Recent Research on Acupuncture and IVF

In Vitro FertilizationThe evidence of effects of acupuncture on IVF (in vitro fertilization) is growing. I recently read an article from the December 2009 issue of Fertility and Sterility. The article, written by a Reproductive Endocrinologist Paul Magarelli and Diane Cridennda, licensed acupuncturist, looked at levels of two hormones, prolactin and cortisol, during IVF cycles in 67 women.


The researchers divided the subjects about to undergo IVF treatment into 2 groups. One group got acupuncture and the other did not. The groups were essentially the same in terms of their ages, FSH levels, type of ovarian stimulation they would receive, and many other aspects. They collected blood samples from all the women at varying points of their IVF process. They measured serum (blood) levels of two hormones: prolactin and cortisol. They also assessed pregnancy rates after the embryo transfer.


They found that both the prolactin levels and the cortisol levels increased at a certain stage of the cycle in the acupuncture group. This appears to be the first research to attempt to measure hormones in response to acupuncture. There has been a fair bit of research measuring the affect of acupuncture on IVF success, but no one has ever attempted to measure whether or not the acupuncture affects hormones.


They found that the acupuncture group had a statistically significant improvement in pregnancy rates compared to the non-acupuncture group.  The article goes into much discussion of how that might relate to the changes in the hormone levels, and reviews the scientific understanding of how cortisol and prolactin impact fertility.


Some of what they found seems a little paradoxical. Cortisol is a hormone that increases when we are under stress. How does an increase in cortisol square with our idea that acupuncture relieves stress?


I had always understood that elevated prolactin inhibits ovulation, and thus, I would have thought, who wants more prolactin? But, the science shows that low prolactin at certain points in the cycle is associated with pregnancy loss. So slightly higher prolactin levels enhance pregnancy. In contrast, greatly elevated prolactin occurs naturally while women breastfeed, and prevents ovulation and pregnancy too soon after you have delivered a baby. Some women have greatly elevated prolactin for no good reason, and these women have trouble ovulating. The prolactin elevations measured in the acupuncture group were slight, but significant, and may indeed have been a reason for the improved rate of pregnancy. The acupuncture group had a statistically significant higher pregnancy rate, as well as less miscarriages and no ectopic pregnancies.


Dr. Magarelli has also done some fascinating analysis of his case files, looking back over several years. He has found that particularly in women identified as “low responders” – i.e. women who do not make many eggs in response to ovarian stimulation – acupuncture significantly improves their outcome. In reviewing 576 charts in his clinic, he sees a 50 % increase in THBs (that’s the acronym for Take Home Baby) in the poor responder women who got acupuncture compared to poor responders who did not get acupuncture.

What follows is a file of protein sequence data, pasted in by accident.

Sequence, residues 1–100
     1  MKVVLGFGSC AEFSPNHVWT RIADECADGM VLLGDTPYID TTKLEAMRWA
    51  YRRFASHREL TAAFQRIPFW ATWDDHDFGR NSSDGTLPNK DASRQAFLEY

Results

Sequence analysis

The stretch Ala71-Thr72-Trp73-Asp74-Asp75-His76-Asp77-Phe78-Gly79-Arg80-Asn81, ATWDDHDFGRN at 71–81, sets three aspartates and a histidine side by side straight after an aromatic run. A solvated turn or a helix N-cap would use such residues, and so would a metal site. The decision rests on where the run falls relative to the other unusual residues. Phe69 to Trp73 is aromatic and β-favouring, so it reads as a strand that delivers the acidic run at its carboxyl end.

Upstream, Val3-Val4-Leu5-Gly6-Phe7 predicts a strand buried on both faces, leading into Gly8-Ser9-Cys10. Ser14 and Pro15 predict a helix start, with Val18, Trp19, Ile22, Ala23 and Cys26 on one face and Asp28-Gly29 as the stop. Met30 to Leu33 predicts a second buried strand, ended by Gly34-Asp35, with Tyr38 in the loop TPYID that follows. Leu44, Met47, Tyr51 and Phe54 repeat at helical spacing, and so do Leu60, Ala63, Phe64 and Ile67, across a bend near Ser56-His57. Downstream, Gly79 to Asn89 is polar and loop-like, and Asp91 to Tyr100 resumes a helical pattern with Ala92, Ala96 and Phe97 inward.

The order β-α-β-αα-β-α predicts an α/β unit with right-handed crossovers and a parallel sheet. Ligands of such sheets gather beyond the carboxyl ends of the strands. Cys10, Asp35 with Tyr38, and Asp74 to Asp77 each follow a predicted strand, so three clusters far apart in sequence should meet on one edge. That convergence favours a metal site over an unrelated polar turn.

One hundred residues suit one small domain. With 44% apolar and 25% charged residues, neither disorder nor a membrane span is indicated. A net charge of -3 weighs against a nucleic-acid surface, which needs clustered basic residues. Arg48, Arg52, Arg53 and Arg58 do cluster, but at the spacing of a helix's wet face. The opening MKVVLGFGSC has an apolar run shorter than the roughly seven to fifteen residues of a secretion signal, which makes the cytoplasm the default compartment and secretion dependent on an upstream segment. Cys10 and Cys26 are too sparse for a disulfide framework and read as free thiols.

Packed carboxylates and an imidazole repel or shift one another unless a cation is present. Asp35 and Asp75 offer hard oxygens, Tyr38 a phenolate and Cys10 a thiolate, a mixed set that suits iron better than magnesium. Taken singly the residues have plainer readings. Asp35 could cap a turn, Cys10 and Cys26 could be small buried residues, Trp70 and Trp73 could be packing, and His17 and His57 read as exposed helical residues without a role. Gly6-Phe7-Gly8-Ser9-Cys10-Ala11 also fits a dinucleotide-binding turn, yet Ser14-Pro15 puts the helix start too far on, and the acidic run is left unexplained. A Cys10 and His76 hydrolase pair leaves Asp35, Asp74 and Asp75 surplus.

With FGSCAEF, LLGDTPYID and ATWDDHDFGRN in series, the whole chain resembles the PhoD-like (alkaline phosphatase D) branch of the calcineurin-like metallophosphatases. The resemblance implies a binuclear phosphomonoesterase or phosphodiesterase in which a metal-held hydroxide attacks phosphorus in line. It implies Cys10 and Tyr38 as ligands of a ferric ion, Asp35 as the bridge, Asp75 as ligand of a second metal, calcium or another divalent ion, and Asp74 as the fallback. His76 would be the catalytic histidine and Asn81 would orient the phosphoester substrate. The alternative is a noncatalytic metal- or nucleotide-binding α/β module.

Overall, among both normal and poor responders, their analysis shows that acupuncture improves pregnancy rates by 26 %.


It is important to note that Dr. Magarelli and Diane Cridennda have developed a specific plan of acupuncture treatment, which they have named the “Cridennda-Magarelli protocol”. This protocol involves 8 or 9 acupuncture treatments during the 4 weeks prior to egg retrieval. They suggest that these treatments have a cumulative affect, with the real measureable improvements happening after the 6th treatment. This acupuncture treatment is based on the research of Dr. Stener-Victorin, and is a face-down treatment with some points being stimulated by a milli-amp electro-acupuncture device. Then on the day of embryo transfer, they use the protocol designed and studied by Dr. Paulus.


Most of the research on acupuncture and infertility has studied either the Stener-Victorin or the Paulus protocol, but not both in combination. Using both protocols makes a lot of sense to me. The 8 or 9 acupuncture sessions prior to egg retrieval really improves uterine lining, reduces side effects from the ovarian stimulation drugs, and, now we know, improves the levels of cortisol and prolactin to enhance pregnancy rates. The acupuncture done on the day of embryo transfer has been shown to improve pregnancy rates as well, although we are not sure by what mechanism.


I now have some scientific evidence to support the idea that investing in at least 6 acupuncture sessions, plus the day of embryo transfer protocol, is a good way to improve your chances of success with IVF.


I encourage you to read the articles presented at Diane Cridennda’s website to gain further understanding. Click here to read more…

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